Virtual sky/planetarium astronomy programs can display the sky from most any location and time. Uses include introducing novice amateur astronomers to the sky, learning constellations, planning an observing session, and controlling the movement of a telescope via the Mac's USB port. The three most popular products, all very mature in their development, are evaluated: Starry Night, TheSkyX and Voyager.
The International Year of Astronomy
The year 2009 is the International Year of Astronomy. From the website:
"The International Year of Astronomy 2009 is a global effort initiated by the International Astronomical Union (IAU) and UNESCO to help the citizens of the world rediscover their place in the Universe through the day- and night-time sky, and thereby engage a personal sense of wonder and discovery."
As a result, hopefully with the help of local amateur astronomy organizations and magazines like Astronomy and Sky and Telescope, people who want to find out more about their place in the universe will be buying telescopes (or dusting off old ones) and exploring the sky -- as we move into spring and summer weather here in the Northern Hemisphere.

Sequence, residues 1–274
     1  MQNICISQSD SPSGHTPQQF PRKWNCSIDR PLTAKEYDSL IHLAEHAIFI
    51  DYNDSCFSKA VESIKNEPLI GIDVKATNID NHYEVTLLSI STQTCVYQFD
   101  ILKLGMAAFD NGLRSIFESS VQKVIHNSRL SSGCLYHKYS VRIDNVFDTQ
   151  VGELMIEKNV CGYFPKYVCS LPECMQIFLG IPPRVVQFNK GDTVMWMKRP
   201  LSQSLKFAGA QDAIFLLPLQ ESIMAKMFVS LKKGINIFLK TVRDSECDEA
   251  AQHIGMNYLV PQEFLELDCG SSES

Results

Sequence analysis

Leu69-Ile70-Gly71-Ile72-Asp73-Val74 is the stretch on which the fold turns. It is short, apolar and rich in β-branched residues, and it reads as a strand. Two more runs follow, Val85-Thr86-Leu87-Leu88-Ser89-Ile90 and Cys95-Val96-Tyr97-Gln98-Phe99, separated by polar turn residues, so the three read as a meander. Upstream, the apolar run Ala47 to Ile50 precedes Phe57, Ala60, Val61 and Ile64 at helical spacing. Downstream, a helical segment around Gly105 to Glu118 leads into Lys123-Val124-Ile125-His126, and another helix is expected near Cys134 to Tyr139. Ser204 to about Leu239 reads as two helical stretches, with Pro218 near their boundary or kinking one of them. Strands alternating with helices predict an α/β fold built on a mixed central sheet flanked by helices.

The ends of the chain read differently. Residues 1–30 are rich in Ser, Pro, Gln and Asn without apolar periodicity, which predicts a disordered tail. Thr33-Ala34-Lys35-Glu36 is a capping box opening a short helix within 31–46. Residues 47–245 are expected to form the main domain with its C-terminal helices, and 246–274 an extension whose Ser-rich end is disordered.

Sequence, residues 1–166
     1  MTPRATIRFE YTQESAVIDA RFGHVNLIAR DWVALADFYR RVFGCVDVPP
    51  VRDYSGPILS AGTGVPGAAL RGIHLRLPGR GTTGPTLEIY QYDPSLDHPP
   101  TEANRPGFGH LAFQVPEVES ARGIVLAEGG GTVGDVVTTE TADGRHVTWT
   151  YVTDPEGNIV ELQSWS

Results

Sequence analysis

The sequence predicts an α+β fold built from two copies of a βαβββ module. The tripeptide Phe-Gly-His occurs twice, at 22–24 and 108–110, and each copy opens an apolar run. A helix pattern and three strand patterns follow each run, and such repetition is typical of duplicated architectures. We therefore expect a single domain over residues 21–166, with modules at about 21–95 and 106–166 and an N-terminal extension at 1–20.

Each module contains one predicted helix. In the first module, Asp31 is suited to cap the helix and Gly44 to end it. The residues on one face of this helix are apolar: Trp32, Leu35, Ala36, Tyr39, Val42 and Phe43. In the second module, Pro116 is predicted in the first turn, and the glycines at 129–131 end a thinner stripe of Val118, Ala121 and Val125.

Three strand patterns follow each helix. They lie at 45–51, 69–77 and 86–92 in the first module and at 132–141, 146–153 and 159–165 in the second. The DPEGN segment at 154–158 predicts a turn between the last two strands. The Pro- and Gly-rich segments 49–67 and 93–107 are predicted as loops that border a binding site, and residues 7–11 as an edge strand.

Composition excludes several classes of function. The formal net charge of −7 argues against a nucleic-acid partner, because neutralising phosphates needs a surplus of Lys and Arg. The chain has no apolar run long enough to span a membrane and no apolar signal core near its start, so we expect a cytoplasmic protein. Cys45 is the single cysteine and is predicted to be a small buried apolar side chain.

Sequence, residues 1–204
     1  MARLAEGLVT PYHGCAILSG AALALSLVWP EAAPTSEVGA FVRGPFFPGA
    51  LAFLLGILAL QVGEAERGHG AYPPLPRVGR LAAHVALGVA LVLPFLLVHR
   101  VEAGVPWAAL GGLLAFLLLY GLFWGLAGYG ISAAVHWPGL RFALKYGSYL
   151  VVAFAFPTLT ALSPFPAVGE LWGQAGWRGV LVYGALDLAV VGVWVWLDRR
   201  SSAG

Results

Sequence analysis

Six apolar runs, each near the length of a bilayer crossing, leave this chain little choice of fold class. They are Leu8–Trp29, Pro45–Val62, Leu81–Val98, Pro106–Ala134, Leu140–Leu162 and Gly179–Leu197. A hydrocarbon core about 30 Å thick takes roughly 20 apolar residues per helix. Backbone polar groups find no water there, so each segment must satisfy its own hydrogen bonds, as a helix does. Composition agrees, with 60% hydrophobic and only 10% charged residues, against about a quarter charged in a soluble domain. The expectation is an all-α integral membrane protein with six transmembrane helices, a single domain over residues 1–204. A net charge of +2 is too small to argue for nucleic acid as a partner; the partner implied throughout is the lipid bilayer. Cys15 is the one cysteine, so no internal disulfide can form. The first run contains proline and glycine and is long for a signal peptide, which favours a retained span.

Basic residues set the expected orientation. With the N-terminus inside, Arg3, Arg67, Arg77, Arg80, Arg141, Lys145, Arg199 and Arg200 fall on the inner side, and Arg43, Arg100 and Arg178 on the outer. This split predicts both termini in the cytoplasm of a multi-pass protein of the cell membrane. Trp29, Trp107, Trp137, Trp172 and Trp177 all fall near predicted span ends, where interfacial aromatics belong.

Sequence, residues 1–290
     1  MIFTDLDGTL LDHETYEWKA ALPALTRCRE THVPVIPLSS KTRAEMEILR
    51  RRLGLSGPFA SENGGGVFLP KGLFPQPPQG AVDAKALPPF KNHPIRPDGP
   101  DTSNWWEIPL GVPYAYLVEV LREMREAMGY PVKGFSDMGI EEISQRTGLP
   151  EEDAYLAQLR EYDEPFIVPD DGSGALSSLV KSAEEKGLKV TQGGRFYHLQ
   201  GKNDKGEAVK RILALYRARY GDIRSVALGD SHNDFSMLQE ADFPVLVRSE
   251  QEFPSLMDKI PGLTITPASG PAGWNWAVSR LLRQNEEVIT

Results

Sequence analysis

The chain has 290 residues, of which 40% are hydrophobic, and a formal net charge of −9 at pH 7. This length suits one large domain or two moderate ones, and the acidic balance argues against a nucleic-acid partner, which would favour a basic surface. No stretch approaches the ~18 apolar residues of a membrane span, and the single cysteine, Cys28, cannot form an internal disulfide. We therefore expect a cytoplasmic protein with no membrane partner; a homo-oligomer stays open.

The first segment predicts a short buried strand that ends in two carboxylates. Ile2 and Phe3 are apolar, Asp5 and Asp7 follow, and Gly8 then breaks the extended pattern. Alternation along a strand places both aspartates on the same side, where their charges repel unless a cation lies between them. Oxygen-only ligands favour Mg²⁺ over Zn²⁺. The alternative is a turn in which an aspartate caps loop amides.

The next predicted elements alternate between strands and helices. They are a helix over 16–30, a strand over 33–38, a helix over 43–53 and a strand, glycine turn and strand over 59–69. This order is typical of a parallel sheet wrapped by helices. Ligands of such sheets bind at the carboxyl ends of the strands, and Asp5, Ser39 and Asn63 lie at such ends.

Programs like those reviewed here are excellent at introducing newbies to the sky and are also used by amateur astronomers to plan their evening observing schedule. Knowing when constellations of interest rise and set and what's in them is essential for both types of users.
All are available for either Mac OS X or Windows, and there are various editions of each that span a range in capability and cost. I reviewed the Mac OS X versions.
The question, of course, is which one to buy? All have been around for a long time, each keeps getting better, but it doesn't make sense to own all three. Some plan of attack is required.
There are several approaches one can take in reviewing these products. Each is tremendously complex: requiring a database of a million stars and coordinate transformations to show the user what the sky will look like at at any point in space, on the Earth, and at any time, past or future.
One can get lost in features and build a giant comparison chart. One can dig into coordinate transformations and quibble about the choices of algorithms for light bending on the horizon. In the end, however, it's all about the user experience. Which program will have terrific appeal, be fun and intuitive to use, which one has the best quality to price ratio, and which one will both easy for a beginner and usable in the long term by a serious amateur astronomer? It's my hope that in doing that, the reader will get a feel for the key ideas that lead to a purchase decision -- even if the developer dings me for not pointing out feature number 1,039,877.